Who We Are

Founded in 1940, the Industrial Areas Foundation is the nation's largest and longest-standing network of local faith and community-based organizations.

The IAF partners with religious congregations and civic organizations at the local level to build broad-based organizing projects, which create new capacity in a community for leadership development, citizen-led action and relationships across the lines that often divide our communities.

The IAF created the modern model of faith- and broad-based organizing and is widely recognized as having the strongest track record in the nation for citizen leadership development and for helping congregations and other civic organizations act on their missions to achieve lasting change in the world.

The IAF, which includes the West / Southwest IAF and Metro IAF, currently works with thousands of religious congregations, non-profits, civic organizations and unions, in more than sixty-five cities across the United States and in Canada, Australia, the United Kingdom and Germany.


  • Latest from the blog

    In Memoriam: Michael Clements, 1945 - 2022

    With sadness, we report the loss of Michael Clements, longtime IAF organizer. He served as organizer with TMO and predecessor organizations of One-LA during a career that spanned four decades. [Excerpts] After supporting farm workers [with United Farm Workers of America], Clements joined the Industrial Areas Foundation, the longest-standing network of local faith and community-based organizations in the nation, and moved to Houston to work for the organization... [Back in California] Clements crossed paths with Fred Ross, Sr.... Said Fred Ross, Jr., a Bay Area-based social justice organizer: “My father respected Mike and saw him as one of the up-and- coming organizers back in 1985.” ... Said [Cardinal Roger] Mahony, “He was the epitome of a great community organizer backed up by his wonderful Catholic faith, especially the social teachings of the church, which he knew inside and out from the Pope Leo XIII’s Rerum Novarum in 1891 all the way to Pope Francis today.” [Photo Credit: Scott Smeltzer, Los Angeles Times] Mike Clements, veteran O.C. activist and organizer, dies at 76, Los Angeles Times [pdf]
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    Chicago IAF Housing Win Builds on Nehemiah Home Ownership Strategy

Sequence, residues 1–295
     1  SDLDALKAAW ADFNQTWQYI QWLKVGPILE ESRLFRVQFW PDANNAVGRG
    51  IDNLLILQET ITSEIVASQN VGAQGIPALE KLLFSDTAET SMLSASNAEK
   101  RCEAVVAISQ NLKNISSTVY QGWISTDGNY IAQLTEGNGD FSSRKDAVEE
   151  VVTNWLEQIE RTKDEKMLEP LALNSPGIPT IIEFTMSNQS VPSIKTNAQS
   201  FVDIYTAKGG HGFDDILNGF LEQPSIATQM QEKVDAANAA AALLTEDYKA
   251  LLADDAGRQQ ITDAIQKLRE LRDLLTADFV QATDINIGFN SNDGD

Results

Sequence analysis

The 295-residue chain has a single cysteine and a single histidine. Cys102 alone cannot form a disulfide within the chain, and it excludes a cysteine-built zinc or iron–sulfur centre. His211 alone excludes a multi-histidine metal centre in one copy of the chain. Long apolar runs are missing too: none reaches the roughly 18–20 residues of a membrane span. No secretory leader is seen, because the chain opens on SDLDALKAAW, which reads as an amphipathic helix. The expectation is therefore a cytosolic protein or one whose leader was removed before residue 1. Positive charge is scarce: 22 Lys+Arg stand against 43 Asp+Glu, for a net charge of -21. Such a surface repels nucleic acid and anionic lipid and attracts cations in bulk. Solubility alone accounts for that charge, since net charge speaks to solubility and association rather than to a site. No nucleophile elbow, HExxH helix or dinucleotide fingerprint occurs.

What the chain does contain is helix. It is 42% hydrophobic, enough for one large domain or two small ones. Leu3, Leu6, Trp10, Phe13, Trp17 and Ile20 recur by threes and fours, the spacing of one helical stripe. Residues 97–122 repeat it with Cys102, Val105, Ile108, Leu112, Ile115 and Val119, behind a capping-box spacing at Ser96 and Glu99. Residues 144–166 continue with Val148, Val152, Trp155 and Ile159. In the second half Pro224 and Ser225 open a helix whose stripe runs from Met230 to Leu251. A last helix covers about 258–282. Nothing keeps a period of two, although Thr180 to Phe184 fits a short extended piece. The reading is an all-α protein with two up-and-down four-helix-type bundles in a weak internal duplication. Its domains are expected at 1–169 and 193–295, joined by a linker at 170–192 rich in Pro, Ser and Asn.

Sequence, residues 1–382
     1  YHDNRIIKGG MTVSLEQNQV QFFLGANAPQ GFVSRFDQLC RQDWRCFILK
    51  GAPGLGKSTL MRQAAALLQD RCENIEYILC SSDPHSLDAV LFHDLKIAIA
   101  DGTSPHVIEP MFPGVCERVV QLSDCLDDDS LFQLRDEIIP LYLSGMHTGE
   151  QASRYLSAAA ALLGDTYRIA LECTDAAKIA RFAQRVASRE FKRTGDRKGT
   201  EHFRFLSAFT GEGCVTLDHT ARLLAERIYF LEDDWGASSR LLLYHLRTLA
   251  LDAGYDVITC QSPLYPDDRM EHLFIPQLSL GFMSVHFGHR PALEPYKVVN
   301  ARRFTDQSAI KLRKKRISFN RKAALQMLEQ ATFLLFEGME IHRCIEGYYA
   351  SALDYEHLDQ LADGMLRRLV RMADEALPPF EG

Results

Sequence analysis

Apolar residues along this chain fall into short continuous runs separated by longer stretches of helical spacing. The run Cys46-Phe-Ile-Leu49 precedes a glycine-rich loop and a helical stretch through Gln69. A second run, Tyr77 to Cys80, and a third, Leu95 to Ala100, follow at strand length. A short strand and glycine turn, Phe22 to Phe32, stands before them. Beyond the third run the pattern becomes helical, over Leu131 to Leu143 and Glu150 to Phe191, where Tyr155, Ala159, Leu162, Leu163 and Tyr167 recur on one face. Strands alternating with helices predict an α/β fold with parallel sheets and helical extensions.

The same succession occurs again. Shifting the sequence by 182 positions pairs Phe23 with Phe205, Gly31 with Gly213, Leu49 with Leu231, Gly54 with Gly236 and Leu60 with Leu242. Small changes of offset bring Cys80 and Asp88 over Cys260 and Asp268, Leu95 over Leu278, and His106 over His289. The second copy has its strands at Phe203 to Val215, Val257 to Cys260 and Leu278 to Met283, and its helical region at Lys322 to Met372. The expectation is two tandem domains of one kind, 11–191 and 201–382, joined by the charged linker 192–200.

Washington Post Profiles Nehemiah Strategy as 'Revitalization Without Gentrification' This summer, United Power for Action & Justice (UPAJ) secured $27.6 Million in commitments and land towards the building of 2,000 Nehemiah Homes on vacant lots controlled by the city in severely blighted areas on the city's south and west sides as part of its Reclaiming Chicago campaign.  In a press conference with Mayor Lightfoot, Illinois Senate President Harmon and other local officials and allies, UPAJ announced the following advances: 1) Chicago Mayor Lightfoot's commitment of the first 250 city-owned vacant lots (the first of 1,000) in North Lawndale and $5.3 million in TIF funds for site remediation from the city of Chicago; 2) $12.25 million from private investors (e.g. banks, wealthy individuals, and family foundations) towards a 0%, 5-year revolving construction loan fund to build homes at scale. UPAJ's goal is to secure $25 million in funding to allow for the construction of 100 Nehemiah homes at a time. 3) $10 million line item in the Illinois State Budget for grant funds for homebuyer subsidies. This is enough to assist approximately 300 new homebuyers in purchasing 300 new constructed homes. UPAJ's Reclaiming Chicago campaign is modeled on the Metro IAF Nehemiah Housing strategy which has built more than 6,500 homes for first-time home-buyers, creating over $2 Billion in wealth and with a foreclosure rate of less than 1% in New York, Jersey City, Baltimore, Chicago, Prince George's County, Philadelphia, Memphis and Washington DC.  This strategy was recently profiled by the Washington Post: [Excerpt] IAF [was] instrumental in one of the most successful experiments in affordable housing. In the early 1980s, New York City Mayor Ed Koch agreed to sell 16-square miles of abandoned lots in Brooklyn’s Brownsville neighborhood to a group of local churches for $1 per lot. The city also offered $10,000 deferred payment loans to perspective [sic] home buyers. Around 1,250 homes were initially constructed with prices starting as low as $50,000. The project — called Nehemiah homes — created a critical mass of development and equity in the neighborhood that continues today. More than 4,500 Nehemiah homes have been built since the 1980s in the New York City area, generating more than a billion dollars in total homeowner equity, according to the developers. The project has a less than 1 percent foreclosure rate, and a study conducted by Nehemiah found that children who grew up in the development earned 53 percent higher wages than their parents. [Photo Credit: Joshua Lott, Washington Post] These Chicago Residents Are Trying to Revitalize Their Neighborhood Without Gentrification, Washington Post [pdf] A New Model for Affordable Housing, Washington Post Reports [podcast] Vacant, City-Owned Land In North Lawndale Could Soon See Hundreds Of Homes, WBEZ Chicago [pdf] 
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